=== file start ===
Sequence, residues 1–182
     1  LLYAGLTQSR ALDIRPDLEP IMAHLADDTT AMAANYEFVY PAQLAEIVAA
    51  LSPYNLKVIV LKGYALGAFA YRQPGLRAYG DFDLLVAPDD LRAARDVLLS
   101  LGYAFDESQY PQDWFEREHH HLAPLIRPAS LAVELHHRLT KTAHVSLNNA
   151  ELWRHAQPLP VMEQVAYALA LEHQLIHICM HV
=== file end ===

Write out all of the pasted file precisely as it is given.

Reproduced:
Sequence, residues 1–182
     1  LLYAGLTQSR ALDIRPDLEP IMAHLADDTT AMAANYEFVY PAQLAEIVAA
    51  LSPYNLKVIV LKGYALGAFA YRQPGLRAYG DFDLLVAPDD LRAARDVLLS
   101  LGYAFDESQY PQDWFEREHH HLAPLIRPAS LAVELHHRLT KTAHVSLNNA
   151  ELWRHAQPLP VMEQVAYALA LEHQLIHICM HV